An Evolving Exploration into the Head, Heart and Hands of Energy Descent
Transition Culture has moved
After eight years of frenzied blogging at this site, Transition Culture has moved to its new home. Do come and join us, but feel free to also browse this now-archived site and use the shop. Thanks for all your support, comments and input so far, and see you soon.
Let’s start this month’s round-up in the UK, in Cheltenham. Transition Town Cheltenham have been making some gorgeous short films recently. In the last roundup we shared the one about Ken and his allotment. This month, firstly, Ivor, Remi and Leon talk us through the chickens in their garden, and their 8-person cargo bike:
… and secondly, a short film about In Stitches, who held their The Big Knit event at the Global Footsteps Cafe. A beautiful film about the power of knitting to build community:
This dual review looks at the new documentary from film-maker Emma Goude and the pairing of it with the latest paperback offering from Transition co-founder Rob Hopkins. The Transition movement offers one possible solution to the problems and challenges arising from peak oil and climate change. It does this through a series of initiatives focused on the self-motivated rebuilding and reskilling of communities across the globe. It is an extraordinary worldwide movement giving rise to an ever-growing list of amazing and inspiring grass roots projects. And this latest book and film demonstrate that this 21st-century global phenomenon continues to expand and thrive.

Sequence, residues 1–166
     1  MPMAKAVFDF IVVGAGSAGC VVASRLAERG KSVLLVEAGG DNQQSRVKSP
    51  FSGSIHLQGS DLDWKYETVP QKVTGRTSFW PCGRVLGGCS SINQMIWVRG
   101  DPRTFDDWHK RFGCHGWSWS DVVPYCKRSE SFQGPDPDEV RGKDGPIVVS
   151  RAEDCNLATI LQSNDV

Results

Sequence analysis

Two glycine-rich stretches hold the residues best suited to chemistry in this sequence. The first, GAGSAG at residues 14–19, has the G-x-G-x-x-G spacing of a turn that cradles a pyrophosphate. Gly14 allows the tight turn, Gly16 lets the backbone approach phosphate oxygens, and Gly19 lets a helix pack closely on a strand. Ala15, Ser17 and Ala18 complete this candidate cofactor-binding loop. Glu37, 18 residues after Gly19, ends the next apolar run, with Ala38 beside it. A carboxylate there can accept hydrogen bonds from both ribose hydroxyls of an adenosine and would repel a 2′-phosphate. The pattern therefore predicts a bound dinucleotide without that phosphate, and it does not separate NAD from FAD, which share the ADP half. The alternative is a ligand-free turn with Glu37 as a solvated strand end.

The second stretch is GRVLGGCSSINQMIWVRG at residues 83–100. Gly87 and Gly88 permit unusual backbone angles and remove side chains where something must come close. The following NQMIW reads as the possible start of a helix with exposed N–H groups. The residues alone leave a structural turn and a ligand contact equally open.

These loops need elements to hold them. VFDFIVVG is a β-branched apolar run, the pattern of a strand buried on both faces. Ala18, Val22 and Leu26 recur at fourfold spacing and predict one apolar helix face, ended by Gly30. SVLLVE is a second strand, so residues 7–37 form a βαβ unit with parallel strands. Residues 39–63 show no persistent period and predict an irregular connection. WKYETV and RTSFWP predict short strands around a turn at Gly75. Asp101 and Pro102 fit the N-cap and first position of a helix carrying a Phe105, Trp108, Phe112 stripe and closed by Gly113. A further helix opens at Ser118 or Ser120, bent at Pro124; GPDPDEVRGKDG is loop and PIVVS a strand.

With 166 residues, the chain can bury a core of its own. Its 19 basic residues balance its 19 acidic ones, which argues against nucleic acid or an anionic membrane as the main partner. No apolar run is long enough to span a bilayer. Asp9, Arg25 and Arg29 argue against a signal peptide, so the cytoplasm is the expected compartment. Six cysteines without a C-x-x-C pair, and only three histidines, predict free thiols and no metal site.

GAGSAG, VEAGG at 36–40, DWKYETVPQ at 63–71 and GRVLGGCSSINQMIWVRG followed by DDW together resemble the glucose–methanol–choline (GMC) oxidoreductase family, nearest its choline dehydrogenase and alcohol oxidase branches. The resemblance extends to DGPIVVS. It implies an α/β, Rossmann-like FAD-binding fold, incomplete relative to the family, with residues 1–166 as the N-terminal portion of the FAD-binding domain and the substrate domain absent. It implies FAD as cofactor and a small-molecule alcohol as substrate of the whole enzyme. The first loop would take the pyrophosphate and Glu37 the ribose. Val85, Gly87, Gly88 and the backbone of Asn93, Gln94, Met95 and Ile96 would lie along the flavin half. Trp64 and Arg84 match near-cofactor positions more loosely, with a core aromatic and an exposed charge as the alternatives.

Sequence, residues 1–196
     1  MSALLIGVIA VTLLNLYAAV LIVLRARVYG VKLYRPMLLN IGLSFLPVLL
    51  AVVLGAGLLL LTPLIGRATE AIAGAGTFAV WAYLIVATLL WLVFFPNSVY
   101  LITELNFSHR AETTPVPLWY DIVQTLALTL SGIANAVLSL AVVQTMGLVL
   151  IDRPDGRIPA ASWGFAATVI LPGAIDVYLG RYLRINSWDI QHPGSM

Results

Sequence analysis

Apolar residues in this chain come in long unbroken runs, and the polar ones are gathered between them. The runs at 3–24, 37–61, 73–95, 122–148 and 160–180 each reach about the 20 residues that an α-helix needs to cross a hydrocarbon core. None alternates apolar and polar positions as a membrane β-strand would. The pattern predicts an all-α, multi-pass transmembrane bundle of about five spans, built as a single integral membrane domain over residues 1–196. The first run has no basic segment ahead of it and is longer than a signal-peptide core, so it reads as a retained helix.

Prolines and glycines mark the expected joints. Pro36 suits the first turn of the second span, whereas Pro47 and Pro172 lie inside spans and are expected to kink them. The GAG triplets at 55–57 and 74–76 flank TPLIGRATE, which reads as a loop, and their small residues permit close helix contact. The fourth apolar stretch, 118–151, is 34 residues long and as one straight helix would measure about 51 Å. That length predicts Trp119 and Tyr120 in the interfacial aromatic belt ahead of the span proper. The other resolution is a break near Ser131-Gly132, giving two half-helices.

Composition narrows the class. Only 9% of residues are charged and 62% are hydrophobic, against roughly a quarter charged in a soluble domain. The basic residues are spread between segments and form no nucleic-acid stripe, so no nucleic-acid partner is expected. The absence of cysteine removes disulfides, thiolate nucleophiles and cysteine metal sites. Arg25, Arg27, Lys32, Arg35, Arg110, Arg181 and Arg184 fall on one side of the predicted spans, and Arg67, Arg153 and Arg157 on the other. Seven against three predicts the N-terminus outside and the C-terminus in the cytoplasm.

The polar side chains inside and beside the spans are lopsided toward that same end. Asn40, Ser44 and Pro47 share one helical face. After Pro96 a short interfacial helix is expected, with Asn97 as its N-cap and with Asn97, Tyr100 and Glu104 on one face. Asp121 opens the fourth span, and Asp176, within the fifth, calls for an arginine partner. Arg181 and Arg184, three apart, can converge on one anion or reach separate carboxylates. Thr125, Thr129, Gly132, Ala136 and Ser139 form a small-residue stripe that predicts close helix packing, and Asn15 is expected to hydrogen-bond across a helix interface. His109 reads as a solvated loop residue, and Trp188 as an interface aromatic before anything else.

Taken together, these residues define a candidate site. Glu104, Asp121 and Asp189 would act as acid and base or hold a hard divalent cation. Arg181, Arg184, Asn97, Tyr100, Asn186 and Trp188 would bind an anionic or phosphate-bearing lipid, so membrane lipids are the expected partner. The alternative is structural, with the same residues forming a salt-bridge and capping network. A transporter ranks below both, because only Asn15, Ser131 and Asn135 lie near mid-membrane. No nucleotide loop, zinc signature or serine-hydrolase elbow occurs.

I spent a very enjoyable day at Bristol Green Week yesterday. Green Week is a celebration of green ideas and thinking in Bristol, which has featured a wildly eclectic mix of talks, workshops, music, comedy, films, walks and much more. I arrived midway through the week’s festivities, to participate in two events. The first was a screening of ‘In Transition 2.0’, shown as the third in a series of films under the somewhat uninspiring banner of ‘Documentary Evidence’. Apparently Monday’s had attracted 30 people, and Tuesday’s just 4, so it was suggested that I might want to temper my expectations in terms of attendance. In the end over 40 people came, and the whole thing went really well.